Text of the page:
Accidental Scientist

I was never suppose to be a scientist, a writer, a poet, a journalist, maybe even a teacher but never a scientist. And yet I find myself in a new position professionally. I am a Science Resource teacher at an Elementary School. I am exclusively teaching children science and supporting classroom teachers in their science teaching.

How did this happen?

A friend and colleague pointed out a necklace she was wearing. It was a gift from her husband. She seemed surprised that me of all people had not noticed it and commented. She explains that it is a model of the solar system created through photos taken by astronauts of the planets from space. Very cool, I agree. And then I ponder all that I don’t know about our world and that people are expecting me to know things, scientific things.

I have been thinking about this a lot lately. What does it mean to be a scientist? What does it mean to teach science to young children?

Children are born scientists. They come into this world observing, investigating and experimenting as they try to make meaning of their world. And then they go to school. We start teaching them. We tell them to sit and listen while we explain things. And then we tell them to remember what we just told them and what we just explained. Later we ask them to show us what they learned. Where does the meaning making happen? Is the child making meaning? Is simply remembering learning?

In my new role I am a child again. I am trying to figure out the world and as I make meaning I add the layer of “teacher of science.” How do I facilitate meaning making in the classroom? How do I give kids the experiences and opportunities to make their own meaning? I am muddling through.

I am returning to my roots as a writer. Everything I write is my attempt to make some meaning of this world. Exploring my role as teacher of science I am looking at that meaning making through another lens.

So I am giving myself permission to make this blog a bit messy. Because I think I need some messy writing to help me make sense of my new world.

I can say that so far I have discovered that children are the best teachers. I am trying to pay close attention to what they say, what they do and what they are thinking. I am trying to do less explaining. It can be an uncertain place to be as an adult and a teacher. But in the past when I have held my breath and pushed past that discomfort the children have never let me down.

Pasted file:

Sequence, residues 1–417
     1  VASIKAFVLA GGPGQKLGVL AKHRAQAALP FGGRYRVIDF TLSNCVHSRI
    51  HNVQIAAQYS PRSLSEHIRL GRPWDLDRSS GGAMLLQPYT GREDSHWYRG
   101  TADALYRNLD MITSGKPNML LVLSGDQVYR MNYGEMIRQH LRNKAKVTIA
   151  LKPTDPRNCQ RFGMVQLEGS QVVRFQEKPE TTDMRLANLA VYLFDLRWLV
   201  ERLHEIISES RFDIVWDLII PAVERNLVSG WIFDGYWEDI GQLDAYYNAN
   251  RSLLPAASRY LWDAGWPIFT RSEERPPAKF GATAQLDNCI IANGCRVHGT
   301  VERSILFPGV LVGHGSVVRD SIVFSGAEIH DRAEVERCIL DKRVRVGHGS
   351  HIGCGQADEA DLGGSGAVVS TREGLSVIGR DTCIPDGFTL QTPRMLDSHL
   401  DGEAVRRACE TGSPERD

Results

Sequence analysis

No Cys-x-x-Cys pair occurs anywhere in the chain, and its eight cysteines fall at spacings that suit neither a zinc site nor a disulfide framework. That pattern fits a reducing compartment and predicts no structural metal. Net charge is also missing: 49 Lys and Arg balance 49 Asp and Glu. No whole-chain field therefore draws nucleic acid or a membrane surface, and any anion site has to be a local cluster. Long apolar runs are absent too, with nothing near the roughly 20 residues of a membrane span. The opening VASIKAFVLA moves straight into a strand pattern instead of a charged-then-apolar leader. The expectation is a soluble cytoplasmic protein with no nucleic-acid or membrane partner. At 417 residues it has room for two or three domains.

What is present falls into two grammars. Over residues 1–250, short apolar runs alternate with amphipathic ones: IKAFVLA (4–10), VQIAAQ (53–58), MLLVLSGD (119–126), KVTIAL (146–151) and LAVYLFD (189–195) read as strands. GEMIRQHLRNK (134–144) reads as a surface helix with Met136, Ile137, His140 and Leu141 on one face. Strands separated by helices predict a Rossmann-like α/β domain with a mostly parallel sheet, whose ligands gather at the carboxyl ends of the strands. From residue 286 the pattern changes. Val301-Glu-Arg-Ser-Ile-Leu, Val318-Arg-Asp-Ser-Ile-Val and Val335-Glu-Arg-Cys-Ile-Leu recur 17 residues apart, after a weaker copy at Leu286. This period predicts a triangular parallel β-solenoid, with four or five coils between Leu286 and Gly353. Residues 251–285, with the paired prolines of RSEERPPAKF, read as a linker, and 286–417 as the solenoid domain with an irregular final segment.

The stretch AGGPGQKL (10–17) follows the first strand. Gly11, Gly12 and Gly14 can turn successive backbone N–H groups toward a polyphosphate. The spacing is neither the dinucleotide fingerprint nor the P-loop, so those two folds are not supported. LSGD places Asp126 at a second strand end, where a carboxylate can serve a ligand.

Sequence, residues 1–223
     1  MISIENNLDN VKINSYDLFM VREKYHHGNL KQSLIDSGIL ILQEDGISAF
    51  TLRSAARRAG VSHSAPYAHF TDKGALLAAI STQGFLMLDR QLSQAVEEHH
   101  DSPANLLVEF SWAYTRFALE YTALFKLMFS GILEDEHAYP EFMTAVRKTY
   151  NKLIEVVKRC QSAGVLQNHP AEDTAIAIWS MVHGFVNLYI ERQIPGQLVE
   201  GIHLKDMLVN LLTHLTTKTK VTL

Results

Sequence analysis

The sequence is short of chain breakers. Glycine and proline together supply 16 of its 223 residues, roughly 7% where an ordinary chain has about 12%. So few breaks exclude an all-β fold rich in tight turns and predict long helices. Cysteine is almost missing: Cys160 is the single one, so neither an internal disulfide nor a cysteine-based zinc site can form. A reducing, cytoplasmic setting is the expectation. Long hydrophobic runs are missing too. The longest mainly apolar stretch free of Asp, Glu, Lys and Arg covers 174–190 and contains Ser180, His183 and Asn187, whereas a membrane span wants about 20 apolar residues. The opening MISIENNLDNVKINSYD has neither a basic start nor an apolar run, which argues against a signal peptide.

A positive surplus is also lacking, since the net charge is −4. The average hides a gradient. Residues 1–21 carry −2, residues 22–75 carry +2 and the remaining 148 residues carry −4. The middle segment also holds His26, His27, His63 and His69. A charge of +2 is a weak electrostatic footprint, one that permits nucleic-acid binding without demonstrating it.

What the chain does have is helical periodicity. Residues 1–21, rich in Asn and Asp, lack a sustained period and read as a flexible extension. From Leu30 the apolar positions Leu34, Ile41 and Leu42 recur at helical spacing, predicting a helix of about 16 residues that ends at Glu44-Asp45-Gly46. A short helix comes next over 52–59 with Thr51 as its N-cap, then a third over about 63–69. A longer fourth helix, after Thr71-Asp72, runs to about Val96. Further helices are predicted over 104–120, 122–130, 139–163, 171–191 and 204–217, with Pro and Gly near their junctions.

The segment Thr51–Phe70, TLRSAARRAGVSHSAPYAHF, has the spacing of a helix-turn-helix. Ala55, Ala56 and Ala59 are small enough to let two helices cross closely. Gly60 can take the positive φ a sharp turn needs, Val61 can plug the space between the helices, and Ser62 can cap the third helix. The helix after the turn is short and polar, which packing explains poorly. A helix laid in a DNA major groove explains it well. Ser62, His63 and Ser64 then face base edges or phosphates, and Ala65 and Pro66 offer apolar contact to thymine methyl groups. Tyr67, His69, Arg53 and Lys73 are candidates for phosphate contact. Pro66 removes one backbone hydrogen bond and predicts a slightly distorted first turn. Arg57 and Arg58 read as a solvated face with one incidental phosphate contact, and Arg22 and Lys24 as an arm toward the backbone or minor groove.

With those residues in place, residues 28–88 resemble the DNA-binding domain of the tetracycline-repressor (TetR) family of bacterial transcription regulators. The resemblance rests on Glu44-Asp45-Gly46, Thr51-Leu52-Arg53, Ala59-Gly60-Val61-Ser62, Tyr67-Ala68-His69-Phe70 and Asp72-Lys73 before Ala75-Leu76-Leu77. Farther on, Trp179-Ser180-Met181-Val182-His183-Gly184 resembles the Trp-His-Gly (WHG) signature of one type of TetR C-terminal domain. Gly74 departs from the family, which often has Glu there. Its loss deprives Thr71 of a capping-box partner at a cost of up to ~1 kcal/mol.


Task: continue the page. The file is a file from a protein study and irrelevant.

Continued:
Belief, Compassion and AND

There are a lot of stories that I haven’t been able to write this year. Some of the stories are not mine to tell. Some of them are not ready to be told.  I have felt these stories inside of me and I have struggled with them.

I have struggled and I have learned. I cannot tell you so many of the stories that have been weighing on my heart but I can tell you that the struggle has been worth it.  Because with the pain and the struggle has come love.  I look at these children who have brought me so much struggle and know that I love them.  We have grown and struggled together.

This school year there have been moments when I have not been the person I aspire to.  I have lost my temper, been unkind, been angry. And each time I have tried to put my ego aside and to hold myself accountable. Every day I have had to believe in what I am and in what I can be. I have had to find compassion for myself.  I had to believe in me because believing in me means believing in them. Having compassion for me meant having compassion for kids, for families, for colleagues. We are all struggling together.

Today our struggles rewarded us with a gift.  Today we were talking about how mathematicians use different strategies for solving problems and that mathematicians learn from each other and one of my students called out

We are mathematicians!

and then another called out AND writers,

And their beautiful voices trailed one after another

And thinkers, and scientists, and learners, and publishers, and authors, and illustrators, and artists and…


That AND comes from reflecting every afternoon on the struggles of the day and reminding myself every morning to believe in myself and in these kids. Every day we start with a message full of who we are and can be, Dear Thinkers, Dear Mathematicians, Dear Writers, Dear Scientists, Dear Learning Team …

I will never know what path most of these children take but I will know that for one year we worked and struggled to know what we can be and what we are. And it was a struggle full of belief, compassion and AND …

Learning from Young Writers

When I started writing this blog I thought it was about the voices of children being heard. And it is. But it is also about my voice being heard and sometimes it is hard for me to draw lines about where my writing is just my voice. I worry . Am I telling the stories the way they are meant to be told? It is a challenge telling someone else’s story and in some ways it seems like stealing, stealing the voices of someone else. All these worries have kept me from writing lately because I am always questioning why am I doing this? Is it the right thing to do? Am I telling the story correctly? Because my voice as a teacher, a writer, a human being it is intertwined with the voices of all those children, teachers and families that I work with each day. Am I telling the true stories? Watching my classroom of writer’s finding their voice I listen and learn.  Lately they have had a lot to teach me about writing.